This past week was Chicago Ideas Week – a think-fest combining speakers, topics and an enthusiastic city looking at the possible. During the week, I had the good fortune to be connected to two events looking at design and the design process: A visit to IDEO’s Chicago office for a look at their Human Centered Design process and a chance to see my colleague Jeanne Olson talk about design and the Design for America (DFA) program at Northwestern University.
At the end of the week I had two blinding glimpses of the obvious.
If design is generating a lot of interest as a next next-thing, it is because design is about finding opportunities. It’s positive. Forward-moving. It’s the polar opposite of intractable group gridlock characterized by position-taking and turf-holding.
Spend any time at IDEO’s offices and with IDEO people and you feel the difference. Spend any time with DFA students and their advisors and it’s the same. They believe in their ability to see and find opportunity where others just see problems and gaps. And the thing is: They all understand that designing effective solutions is difficult, challenging work. But they also seem to understand that finding a forward-moving way out begins by hearing and seeing. IDEO’s Human Centered Design process begins with “hear” – a focus on really listening and observing the situation/context in which a challenge exists. Olson coined the phrase outsight during her CIW talk to describe the ability to find a new possibility – a path – in part by getting out in the world. Both IDEO’s “hear” and Olson’s “outsight” are to me rooted in making an authentic attempt to suspend judgment and bias and work very hard, first, to understand. What a concept.
My second blinding glimpse of the obvious relates to the title of this post. In touring IDEO’s offices, one of the things you are struck by is the very physical presence of ideas and insights. This is not just knowledge stored digitally. It’s physical. You work surrounded by ideas posted on walls – informally and formally.
One of IDEOs most interesting ways of expressing insights is via patterns. Here’s how IDEO describes patterns:
“When you’ve got many talented people working on many complex challenges at once, it’s often difficult for the vast amounts of knowledge generated to be shared in any meaningful or useful way.
PATTERNS is one of IDEO’s means to solve for that.
PATTERNS are how we capture and share some of the common insights we see bubbling up across projects, as well as out and about in the world. They are a foundation for intuition. A way to elevate insights to the level of cultural impact. And a way to tap into IDEO’s collective intelligence to do better work for our clients—even faster.”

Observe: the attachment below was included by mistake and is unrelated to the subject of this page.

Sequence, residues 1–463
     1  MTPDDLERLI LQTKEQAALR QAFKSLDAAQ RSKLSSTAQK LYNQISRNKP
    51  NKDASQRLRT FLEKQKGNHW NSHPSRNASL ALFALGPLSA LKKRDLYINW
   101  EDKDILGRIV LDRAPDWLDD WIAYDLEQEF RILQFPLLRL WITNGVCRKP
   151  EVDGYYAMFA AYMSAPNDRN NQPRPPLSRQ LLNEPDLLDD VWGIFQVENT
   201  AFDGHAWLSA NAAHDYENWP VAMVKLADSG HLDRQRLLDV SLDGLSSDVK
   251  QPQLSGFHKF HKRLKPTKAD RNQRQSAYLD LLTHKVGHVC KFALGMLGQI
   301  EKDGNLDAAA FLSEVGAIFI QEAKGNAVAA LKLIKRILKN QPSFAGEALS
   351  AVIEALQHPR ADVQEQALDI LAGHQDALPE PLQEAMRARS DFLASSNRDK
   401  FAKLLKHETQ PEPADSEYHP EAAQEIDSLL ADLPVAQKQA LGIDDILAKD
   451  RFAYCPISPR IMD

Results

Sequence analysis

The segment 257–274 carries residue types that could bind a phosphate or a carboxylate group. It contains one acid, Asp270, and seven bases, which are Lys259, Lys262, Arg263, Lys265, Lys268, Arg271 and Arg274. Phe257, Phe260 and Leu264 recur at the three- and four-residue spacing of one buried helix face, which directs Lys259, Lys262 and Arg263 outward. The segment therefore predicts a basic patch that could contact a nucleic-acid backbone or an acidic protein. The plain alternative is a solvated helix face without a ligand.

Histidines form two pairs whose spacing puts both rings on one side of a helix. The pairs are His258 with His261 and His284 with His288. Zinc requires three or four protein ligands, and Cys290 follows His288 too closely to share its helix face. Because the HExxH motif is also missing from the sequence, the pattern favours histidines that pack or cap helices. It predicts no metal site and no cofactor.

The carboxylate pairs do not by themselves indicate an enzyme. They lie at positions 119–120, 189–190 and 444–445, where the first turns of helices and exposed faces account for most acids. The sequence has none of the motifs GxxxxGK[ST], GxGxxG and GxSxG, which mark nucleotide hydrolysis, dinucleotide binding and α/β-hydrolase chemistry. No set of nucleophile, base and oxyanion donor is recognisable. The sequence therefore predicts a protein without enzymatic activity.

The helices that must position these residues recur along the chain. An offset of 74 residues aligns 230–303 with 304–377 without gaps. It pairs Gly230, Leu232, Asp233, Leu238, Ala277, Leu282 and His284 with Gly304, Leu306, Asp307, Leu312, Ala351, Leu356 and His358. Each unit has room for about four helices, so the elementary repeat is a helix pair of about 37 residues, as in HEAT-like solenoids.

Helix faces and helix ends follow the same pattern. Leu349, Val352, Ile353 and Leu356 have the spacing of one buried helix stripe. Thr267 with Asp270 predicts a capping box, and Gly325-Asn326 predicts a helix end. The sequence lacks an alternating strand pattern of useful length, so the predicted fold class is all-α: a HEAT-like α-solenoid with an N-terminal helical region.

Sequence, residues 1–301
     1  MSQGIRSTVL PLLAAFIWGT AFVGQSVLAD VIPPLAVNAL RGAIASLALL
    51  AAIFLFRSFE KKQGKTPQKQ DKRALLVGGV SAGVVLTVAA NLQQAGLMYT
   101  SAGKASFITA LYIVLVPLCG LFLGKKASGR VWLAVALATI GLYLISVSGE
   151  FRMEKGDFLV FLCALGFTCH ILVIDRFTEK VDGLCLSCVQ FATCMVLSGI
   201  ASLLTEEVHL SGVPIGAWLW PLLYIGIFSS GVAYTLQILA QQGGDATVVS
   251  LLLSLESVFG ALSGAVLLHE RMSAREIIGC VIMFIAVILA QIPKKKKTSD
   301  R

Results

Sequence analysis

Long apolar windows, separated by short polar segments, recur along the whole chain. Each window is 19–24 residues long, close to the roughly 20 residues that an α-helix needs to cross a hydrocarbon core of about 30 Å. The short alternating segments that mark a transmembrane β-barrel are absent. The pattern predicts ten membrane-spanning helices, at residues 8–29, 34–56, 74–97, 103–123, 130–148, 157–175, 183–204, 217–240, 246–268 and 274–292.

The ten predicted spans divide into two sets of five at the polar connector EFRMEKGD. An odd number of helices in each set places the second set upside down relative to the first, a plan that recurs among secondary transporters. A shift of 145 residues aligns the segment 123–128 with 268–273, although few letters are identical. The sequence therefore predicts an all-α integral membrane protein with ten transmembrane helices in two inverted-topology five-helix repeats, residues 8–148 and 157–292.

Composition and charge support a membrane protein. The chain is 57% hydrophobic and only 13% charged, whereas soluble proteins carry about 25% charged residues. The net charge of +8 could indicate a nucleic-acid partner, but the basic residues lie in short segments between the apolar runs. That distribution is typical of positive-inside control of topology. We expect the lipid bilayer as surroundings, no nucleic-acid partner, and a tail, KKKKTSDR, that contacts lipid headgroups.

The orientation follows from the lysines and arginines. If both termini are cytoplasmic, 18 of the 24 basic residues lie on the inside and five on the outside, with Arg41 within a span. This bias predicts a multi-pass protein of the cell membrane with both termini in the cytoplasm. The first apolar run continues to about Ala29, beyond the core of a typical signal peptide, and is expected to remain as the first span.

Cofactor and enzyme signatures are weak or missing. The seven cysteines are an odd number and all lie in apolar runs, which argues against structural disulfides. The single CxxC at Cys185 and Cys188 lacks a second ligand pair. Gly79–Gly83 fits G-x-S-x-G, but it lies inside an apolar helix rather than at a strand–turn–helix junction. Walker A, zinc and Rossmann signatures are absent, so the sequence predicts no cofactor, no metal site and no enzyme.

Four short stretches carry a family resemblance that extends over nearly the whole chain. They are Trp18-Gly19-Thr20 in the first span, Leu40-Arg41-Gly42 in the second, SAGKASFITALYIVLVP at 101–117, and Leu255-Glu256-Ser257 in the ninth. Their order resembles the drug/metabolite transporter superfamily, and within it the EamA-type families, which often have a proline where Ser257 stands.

At the Chicago office, IDEO has a wall dedicated to one-page versions of patterns submitted by employees. Anyone who has tried to condense complex thinking into tightly designed one-pagers knows how difficult it can be – but also how it helps you think clearly about the challenge. Imagine a wall of these. Then add to that several walls of photographs depicting the exploratory stages of various projects. Large digital displays rotating photographs from IDEO offices worldwide, each intended to share some moment or insight that could create a serendipitous event.
I saw something very similar to this at another creative agency — Upshot — where you literally work among physical and digital displays of ideas and insights.
Now add to this the design process. You seek to understand (hear, outsight). You generate a lot of insights and ideas and use structured methods to capture, categorize and whittle them down into concepts that are feasible. You are connecting and collaborating with a broad group of stakeholders in this whole process. And you are doing it in a physical space where you are surrounded by knowledge and insight represented in physical and digital form. You create a prototype of your concept and learn from it. You share more insights and generate new knowledge. At the end of this whole process you’ve created something that did not exist previously.
That, to me, sounds like a vision for next-generation knowledge management.